Distressed Furniture Buying Guide

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Furniture Buying Guide - Distressed Furniture

Contrary to what you may think...this is not furniture that's having a bad day. :-)

Also, to my surprise, I discovered that this is not furniture with a manufacturing defect or that must be sold, at a discount, because of the dealers (or Manufacturer's) financial problems.

Distressing, is deliberate and adds to the ambiance, or look and feel, that the piece portrays.

It may appear, to you, as a defect...so it is important that you know what to look for in a piece of distressed furniture.   Understanding "Distress" (I have to chuckle every time I write it) has a three-fold benefit...

  1. It enables you to recognize quality
  2. It protects you from snide remarks from your inlaws pertaining to your choice of furniture.  Show them this chapter the next time they point out a "flaw" in your furniture...that should lock their jaws for a while.
  3. It protects you from an unscrupulous salesperson trying to unload junk on you...while trying to convince you that it's "quality distressed furniture."

Let's take a look at some common "Distressing" techniques:

  • Fly Specking: Little dots of a dark colored paint randomly seen through out a finish, it would appear as though a fly landed and then walked across the piece of furniture before the paint/stain was cured.
  • Cow Tailing: A special brush is dipped in paint/stain and ‘flicked’ down on the furniture to create a heavier streak pattern.
  • White Pumice: A piece of pumice is rubbed along the edges of the furniture leaving behind a white residue.
  • Burnishing: The furniture is exposed to fire in order to  leave darker burn marks in the wood, then finished or painted over.  I really like this.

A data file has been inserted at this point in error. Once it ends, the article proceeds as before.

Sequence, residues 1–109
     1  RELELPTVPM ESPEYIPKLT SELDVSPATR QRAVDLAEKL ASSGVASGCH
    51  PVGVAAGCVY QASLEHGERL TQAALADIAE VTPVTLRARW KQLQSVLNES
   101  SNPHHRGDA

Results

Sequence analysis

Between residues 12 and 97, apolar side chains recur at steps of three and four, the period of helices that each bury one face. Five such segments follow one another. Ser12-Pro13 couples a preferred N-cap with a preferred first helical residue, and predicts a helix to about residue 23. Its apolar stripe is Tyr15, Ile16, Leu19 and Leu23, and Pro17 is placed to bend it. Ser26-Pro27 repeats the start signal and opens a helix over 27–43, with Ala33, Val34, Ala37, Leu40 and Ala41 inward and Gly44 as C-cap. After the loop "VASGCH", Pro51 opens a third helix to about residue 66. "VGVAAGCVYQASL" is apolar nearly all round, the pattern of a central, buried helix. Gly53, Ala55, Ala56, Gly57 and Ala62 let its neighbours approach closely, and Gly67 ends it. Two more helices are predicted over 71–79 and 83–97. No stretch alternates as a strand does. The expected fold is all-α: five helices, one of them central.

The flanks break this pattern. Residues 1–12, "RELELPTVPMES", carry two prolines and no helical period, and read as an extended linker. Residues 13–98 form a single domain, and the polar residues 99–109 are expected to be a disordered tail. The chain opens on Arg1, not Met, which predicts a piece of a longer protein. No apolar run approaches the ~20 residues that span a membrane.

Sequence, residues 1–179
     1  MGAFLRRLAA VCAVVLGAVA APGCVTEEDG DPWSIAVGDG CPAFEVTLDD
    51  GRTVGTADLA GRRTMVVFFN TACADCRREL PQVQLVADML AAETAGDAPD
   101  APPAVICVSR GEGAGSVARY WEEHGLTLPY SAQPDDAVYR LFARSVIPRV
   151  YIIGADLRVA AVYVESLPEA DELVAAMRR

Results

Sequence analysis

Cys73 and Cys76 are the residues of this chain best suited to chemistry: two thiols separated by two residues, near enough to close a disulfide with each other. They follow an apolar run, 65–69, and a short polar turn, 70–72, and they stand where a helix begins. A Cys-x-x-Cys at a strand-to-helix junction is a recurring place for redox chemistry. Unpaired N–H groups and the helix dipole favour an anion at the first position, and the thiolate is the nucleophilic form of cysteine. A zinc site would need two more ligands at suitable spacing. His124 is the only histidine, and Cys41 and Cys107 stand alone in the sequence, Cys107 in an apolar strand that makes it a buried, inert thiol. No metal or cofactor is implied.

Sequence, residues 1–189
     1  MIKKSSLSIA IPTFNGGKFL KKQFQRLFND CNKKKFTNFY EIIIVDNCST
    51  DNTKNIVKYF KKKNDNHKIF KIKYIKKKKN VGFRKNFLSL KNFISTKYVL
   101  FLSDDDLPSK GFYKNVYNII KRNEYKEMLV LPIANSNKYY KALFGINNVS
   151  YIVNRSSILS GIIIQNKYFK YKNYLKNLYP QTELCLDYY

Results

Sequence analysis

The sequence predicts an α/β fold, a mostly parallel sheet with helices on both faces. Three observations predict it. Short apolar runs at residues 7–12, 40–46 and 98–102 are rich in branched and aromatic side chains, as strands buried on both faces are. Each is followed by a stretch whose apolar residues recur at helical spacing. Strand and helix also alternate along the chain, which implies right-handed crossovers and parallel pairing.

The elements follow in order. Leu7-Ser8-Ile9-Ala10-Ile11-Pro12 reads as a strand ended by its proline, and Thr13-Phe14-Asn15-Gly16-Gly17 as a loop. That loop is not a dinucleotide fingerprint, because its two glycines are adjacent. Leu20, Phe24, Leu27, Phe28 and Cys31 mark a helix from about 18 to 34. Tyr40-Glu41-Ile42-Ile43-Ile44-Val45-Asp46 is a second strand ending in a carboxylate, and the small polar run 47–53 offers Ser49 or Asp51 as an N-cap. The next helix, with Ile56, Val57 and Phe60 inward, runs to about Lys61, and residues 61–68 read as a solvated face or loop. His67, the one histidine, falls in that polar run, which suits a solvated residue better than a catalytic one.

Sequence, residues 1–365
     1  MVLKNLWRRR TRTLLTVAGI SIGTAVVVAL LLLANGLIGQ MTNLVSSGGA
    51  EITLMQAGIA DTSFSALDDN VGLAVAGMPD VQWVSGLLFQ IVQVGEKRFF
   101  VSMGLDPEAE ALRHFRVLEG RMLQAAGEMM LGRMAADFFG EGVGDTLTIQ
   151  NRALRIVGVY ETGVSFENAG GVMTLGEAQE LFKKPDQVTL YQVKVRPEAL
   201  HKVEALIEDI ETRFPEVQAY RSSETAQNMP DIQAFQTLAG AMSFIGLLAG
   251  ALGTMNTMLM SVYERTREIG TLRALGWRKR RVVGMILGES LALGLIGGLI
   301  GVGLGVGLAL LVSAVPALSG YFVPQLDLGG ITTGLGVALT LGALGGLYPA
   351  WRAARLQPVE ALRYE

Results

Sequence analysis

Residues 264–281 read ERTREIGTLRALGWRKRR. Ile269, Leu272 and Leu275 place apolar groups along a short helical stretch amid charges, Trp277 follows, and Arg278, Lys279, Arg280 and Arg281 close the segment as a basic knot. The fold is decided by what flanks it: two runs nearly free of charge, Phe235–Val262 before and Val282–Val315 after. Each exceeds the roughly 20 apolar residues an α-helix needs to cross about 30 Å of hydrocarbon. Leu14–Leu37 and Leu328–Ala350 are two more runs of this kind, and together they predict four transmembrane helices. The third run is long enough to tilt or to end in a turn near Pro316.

• Rasping: To file or scrape with a coarse file having sharp projections; typically done to the edges of the furniture.
  • Worm Holes: This process is done by heating up a nail to red hot condition, and then hammering the nail into the wood to cause tiny darkened holes and trails that mimic the patterns made by worms.
  • Rubbing (Hand Rubbed): While the finish is drying random areas are rubbed with a different color or completely taken off to create a ‘worn’ look.
  • Crackle Finish: A special finish that ‘cracks’ while drying. Sometimes this finish is applied directly to the wood so you see the natural wood color through the cracks or it can also be applied over an already stained or painted piece so that you see the original color through the cracks.
     

Conclusion:

Now that you're aware of what "Distressing" is you can look for it and decide it it's something you want in your furniture.

Just because a piece has been "Distressed" doesn't make it "Quality" furniture.  Make sure you read the chapter on determining quality.

Additional Furniture Buying Tips
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Distressed Furniture
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